For 2), I wanted an almost Apple-like devotion to a good interface. My desk was littered with mock-ups of everything from the battle UI to the shops to the pause menus. I asked myself what needs to be displayed on screen?, how long will it take the players eyes and brain to process all this? and most importantly, what can I remove? You watch the trailer, and youll notice in the battle UI things like each ally being assigned a different colour, or how remaining HP is graphically signified with your stat box draining, thus removing the need to display max HP on screen.

For 3), I thought up lots of little ways to add challenge if you ever got bored with the game as it stood. Finishing battles quickly (by wall clock time) results in bonus experience points. Defending will recover a random amount of PP. Find all the treasure chests, including the very-well-hidden ones with super-powerful equipment, and you get a big reward from a character called the Treasure Oracle. Theres techniques you must use to avoid one-hit KO attacks (or the final boss, who has the ability to send your whole party to sleep at once).

I already mentioned the wide range of enemies. I just hope it lives up to expectations, since there are some very good RPGs on the Indie service developed with more resources than I, and I hope it isnt received poorly because of that.

It sounds really streamlined, I dont see why gamers wouldn’t take to it if they try it!

Maybe the biggest hindrance is the old nobodys trying problem, what are you planning to get peoples attention?

I plan on contacting as many sites as I can, but theres no way Ill get the attention of IGN, and Id have to be exceedingly lucky to make Kotaku or Joystiq. So the sites I plan on contacting are smaller news sites but still have a respectable readership. RPGamer has been fantastic in this regard, and Ive also got the attention of RPGFan, XBLAFans and some others. Once lots of smaller sites pick it up, Im hoping for a trickle-up effect where bigger sites will want to see what the fuss is about.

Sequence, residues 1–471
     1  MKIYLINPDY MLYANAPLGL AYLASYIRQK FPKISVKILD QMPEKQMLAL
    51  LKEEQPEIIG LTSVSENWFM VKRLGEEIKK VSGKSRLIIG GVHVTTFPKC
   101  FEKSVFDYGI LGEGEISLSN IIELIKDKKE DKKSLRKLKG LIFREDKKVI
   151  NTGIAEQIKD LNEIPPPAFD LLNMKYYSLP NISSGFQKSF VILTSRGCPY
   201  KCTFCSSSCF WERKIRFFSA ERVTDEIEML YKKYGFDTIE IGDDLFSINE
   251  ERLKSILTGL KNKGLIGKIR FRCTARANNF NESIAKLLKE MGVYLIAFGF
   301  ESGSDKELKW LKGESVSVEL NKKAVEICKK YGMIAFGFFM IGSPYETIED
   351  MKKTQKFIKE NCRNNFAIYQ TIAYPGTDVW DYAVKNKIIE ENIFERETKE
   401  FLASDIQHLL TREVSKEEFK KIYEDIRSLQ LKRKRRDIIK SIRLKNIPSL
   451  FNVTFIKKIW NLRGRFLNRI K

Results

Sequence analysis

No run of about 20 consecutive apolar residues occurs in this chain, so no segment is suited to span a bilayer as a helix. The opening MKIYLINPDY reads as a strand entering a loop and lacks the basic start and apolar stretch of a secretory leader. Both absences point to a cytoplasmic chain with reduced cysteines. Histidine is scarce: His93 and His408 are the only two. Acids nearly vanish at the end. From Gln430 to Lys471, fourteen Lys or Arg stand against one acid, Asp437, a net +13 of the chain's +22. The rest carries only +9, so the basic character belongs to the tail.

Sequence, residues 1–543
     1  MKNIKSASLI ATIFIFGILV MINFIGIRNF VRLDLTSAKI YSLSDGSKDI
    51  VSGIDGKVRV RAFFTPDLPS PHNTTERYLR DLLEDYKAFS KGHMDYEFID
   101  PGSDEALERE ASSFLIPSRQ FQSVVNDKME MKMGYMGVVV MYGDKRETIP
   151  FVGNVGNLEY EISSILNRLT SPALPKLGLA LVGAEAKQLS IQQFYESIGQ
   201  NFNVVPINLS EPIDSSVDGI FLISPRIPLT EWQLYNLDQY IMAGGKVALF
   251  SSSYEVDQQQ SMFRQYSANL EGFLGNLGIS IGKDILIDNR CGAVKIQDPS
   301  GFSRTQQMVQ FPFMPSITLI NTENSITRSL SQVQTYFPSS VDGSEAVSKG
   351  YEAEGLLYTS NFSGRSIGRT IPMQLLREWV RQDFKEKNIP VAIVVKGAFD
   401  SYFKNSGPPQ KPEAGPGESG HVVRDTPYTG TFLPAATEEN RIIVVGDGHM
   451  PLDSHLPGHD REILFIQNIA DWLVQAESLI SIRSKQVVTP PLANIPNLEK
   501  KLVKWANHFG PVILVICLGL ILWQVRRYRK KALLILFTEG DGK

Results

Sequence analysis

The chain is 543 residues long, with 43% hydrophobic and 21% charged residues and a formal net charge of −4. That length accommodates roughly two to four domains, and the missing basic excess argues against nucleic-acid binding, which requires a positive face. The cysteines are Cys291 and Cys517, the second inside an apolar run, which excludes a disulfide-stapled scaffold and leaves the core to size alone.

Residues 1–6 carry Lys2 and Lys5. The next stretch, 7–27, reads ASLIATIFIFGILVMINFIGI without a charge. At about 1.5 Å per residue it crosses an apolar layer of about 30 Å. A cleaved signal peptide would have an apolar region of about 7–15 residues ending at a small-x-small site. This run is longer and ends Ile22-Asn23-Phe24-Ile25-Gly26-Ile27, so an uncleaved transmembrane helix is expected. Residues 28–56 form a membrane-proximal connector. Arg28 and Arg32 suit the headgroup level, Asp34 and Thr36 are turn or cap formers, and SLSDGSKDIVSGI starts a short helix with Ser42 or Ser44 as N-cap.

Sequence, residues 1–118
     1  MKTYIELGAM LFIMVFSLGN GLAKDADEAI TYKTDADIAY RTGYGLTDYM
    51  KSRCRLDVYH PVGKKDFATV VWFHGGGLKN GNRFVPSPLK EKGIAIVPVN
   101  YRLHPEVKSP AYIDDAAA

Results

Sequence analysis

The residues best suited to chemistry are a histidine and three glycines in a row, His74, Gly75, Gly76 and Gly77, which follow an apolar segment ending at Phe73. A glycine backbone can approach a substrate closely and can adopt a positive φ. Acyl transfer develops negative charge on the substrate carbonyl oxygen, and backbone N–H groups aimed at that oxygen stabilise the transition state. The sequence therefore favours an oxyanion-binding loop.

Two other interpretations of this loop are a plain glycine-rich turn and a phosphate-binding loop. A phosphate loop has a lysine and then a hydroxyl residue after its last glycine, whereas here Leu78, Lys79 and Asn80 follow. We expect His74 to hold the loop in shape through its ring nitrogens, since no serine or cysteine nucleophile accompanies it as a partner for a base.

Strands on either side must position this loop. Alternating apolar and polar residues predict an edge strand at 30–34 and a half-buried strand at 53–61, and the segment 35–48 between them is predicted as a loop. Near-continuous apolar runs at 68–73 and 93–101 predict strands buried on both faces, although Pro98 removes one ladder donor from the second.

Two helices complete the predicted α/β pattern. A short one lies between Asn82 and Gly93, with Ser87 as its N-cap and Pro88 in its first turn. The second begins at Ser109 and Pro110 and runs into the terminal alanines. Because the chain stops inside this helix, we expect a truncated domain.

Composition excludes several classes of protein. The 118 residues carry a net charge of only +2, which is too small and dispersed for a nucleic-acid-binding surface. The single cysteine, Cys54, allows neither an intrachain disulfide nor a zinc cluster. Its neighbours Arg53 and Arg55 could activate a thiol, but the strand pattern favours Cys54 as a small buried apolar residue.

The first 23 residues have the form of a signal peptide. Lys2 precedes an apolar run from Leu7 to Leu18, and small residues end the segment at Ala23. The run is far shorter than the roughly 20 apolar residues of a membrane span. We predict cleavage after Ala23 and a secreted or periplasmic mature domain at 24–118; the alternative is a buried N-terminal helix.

Writing good press releases, and getting a trailer on GameTrailers is also important.

I think the way your game has an Earthboundy kind of feel could really help with sites like Kotaku, actually.

What was development of Bonded Realities like? Did you do everything yourself?

The programming I did all myself. I wrote the engine from scratch. Its quite powerful, actually, since I had other uses for it besides RPGs in mind, but thats not going to happen for a long time yet. The art I did all myself. Im not as good a drawer as some may think; I helped develop my drawing skills and the art style used in BR, by drawing my own political cartoons. Doing that also helped develop a good wit, which I put to use writing BRs jokes.

The music is all licensed. I cant write a song to save my life.

Development had its ups and downs, as it always does. Designing and coding the engine was my favourite bit, since I enjoy problem solving like that. The most mundane bit was writing the level data. Imagine playing a text-prompt version of Command and Conquer. I had to write the level data by hand, but I think it wouldve been less work than if I wrote a graphical editor. Writing a graphical editor wouldve made implementing levels more fun, but it wouldve sucked a whole lot more time from the project and I dont think I couldve afforded to do that.

Bonded Realities

What are your thoughts on XBLIG in general, prior to releasing your first major game?

Its great, even if too much attention has been put on the crapplications. Lots of people dream about selling games but dont know where to begin, and its wonderful that Microsoft, Google and Apple, among others, are making it easy for indie devs to reach a huge audience on their respective platforms. Crap will always be made for these sorts of markets, so just ignore it, and give the attention to those who deserve it. If those developers make enough money and fame, theyll keep making games for you, so I hope the media will give more attention to good XBLIG titles and not maintain the impression that its 100% crap.

Finally Im Bobby Kotick and Im very busy, those sequels arent going to churn themselves. Youve got 15 words to tell me why I (and everyone) should be interested in Bonded Realities!

A summary for a busy person, how about this: Longing for good old-fashioned RPG gameplay in a funny world? Nows your chance! Thats 14 words, but add sex in there somewhere and its bound to get peoples attention!

Bonded Realities is out now and can be yours for 80 Microsoft Points.